I could have told him that he would get that response. I received calls from former friends telling me: “We need the Rosenbergs to be innocent.” “You have betrayed the movement and all of us.” “Even if they were spies, you should not have written the book.” One person even offered to host a Chinese Communist-style rectification session at which I could atone and take back what I wrote.
Knowing all this, I was not surprised, although Miller evidently was, to find:
The standing-room-only crowd refused to question what had become an article of faith in left-wing mythology.
One scholar is quoted as having written that the Haymarket anarchists were “humane, gentle, kindly souls” who were killed by the capitalist class, which “had blood on their hands,” and those who now swallow Messer-Kruse’s views have “blood on our lips.”
Messer-Kruse’s response to all this was precisely the one that I had. He said:
We have an obligation to represent as best as we can the objective reality of the past.
Reading his words, I had to suppress a laugh. How quaint — a historian, although one on the political Left, believes he has a commitment to truth about the past, a commitment that stands above serving the needs of a political movement. Doesn’t he know, as one of my old comrades in the social-democratic movement told me at the time: “We’re trying to recruit former Communists into our movement (Michael Harrington’s group) and your book will hinder our effort. You shouldn’t have written it”?
After all, truth is relative. We are supposed to do what serves the class struggle and the movement; the truth is what serves the movement’s ends, and is not objective.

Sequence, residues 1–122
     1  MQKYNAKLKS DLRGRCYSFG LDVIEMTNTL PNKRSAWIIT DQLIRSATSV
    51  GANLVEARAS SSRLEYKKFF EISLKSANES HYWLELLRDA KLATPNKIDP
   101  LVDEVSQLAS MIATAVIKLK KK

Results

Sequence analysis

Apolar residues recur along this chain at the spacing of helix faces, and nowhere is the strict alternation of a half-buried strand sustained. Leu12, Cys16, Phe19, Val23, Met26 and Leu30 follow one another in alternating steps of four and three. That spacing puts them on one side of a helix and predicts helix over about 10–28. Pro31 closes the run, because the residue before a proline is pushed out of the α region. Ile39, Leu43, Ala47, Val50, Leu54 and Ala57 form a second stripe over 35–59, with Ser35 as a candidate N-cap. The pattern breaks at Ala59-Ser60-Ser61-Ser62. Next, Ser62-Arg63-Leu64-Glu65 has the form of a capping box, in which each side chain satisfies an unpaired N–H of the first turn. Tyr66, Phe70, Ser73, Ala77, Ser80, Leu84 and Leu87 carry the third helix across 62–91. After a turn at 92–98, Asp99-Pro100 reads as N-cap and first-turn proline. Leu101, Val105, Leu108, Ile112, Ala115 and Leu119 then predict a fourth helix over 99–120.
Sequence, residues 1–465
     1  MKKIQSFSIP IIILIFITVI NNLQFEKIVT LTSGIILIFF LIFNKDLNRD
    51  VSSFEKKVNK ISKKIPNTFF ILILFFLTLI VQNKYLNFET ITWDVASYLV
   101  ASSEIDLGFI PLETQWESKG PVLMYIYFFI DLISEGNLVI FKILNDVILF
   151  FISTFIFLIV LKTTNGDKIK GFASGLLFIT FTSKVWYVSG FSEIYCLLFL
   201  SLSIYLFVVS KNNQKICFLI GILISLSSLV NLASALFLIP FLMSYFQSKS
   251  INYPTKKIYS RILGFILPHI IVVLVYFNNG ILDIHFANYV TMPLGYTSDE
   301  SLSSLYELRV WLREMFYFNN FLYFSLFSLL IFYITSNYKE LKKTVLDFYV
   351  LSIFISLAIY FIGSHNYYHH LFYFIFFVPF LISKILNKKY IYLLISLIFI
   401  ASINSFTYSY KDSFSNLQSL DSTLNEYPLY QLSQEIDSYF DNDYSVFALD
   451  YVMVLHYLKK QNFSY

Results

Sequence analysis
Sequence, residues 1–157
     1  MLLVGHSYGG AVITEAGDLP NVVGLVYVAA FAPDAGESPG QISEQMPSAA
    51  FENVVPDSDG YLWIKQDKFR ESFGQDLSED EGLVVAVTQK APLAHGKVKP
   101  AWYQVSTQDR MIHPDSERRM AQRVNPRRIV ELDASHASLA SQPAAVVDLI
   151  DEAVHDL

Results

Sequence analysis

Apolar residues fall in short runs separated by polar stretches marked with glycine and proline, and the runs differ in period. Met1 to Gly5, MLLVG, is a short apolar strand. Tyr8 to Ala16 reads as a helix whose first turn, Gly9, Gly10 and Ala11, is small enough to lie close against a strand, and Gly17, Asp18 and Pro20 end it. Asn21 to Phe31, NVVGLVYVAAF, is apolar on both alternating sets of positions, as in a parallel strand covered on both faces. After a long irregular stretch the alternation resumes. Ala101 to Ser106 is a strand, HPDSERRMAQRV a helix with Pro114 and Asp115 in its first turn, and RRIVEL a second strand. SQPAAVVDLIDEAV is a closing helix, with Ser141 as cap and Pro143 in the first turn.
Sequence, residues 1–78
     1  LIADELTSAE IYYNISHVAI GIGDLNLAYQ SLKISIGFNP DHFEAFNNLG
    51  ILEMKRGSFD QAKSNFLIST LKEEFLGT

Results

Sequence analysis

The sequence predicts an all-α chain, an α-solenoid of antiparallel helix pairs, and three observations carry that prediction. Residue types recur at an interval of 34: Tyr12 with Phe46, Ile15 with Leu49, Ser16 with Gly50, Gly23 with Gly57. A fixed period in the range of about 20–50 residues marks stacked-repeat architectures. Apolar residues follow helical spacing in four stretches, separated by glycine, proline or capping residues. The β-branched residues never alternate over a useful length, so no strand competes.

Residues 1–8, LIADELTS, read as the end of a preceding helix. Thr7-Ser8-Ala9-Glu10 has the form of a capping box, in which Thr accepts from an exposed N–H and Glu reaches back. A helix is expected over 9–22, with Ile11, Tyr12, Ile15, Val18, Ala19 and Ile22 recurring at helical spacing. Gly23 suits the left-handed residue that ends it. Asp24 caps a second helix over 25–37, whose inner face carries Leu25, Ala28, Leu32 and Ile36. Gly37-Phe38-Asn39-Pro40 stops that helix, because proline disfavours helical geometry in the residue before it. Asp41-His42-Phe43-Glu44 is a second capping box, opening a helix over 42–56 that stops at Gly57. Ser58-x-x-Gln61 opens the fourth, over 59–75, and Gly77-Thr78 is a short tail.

So Messer-Kruse went on in two books, The Trial of the Haymarket Anarchists and The Haymarket Conspiracy, to reveal that the heralded anarchists were in fact members of a violent anarchist faction that believed revolutionary change could only occur through violence. The defendants received a fair trial by the standards of the time, and the defense team was more interested in making martyrs than in giving the group serious legal advice.
Again, the parallels with the Rosenberg trial stand out. Their defense team also sought to use the trial on behalf of international Communist propaganda, and to deflect attention from the purge trials simultaneously going on in Czechoslovakia — where actual innocent defendants were framed and put to death — and to create martyrs at home. And the chief counsel to the Rosenbergs, Emanuel Bloch, gave them anything but a competent defense.
At this point, some differences stand out. Messer-Kruse is receiving some support and honors, and regular academic journals in his field are presenting his case. Perhaps that outcome occurs because the 19th century is further away, and the Left’s stake in the incident is not as volatile as that of the more recent Rosenberg trial, or the two trials of Alger Hiss, whose defendants still seek to exonerate him of guilt.
Messer-Kruse and I, however, do now share some of the same enemies.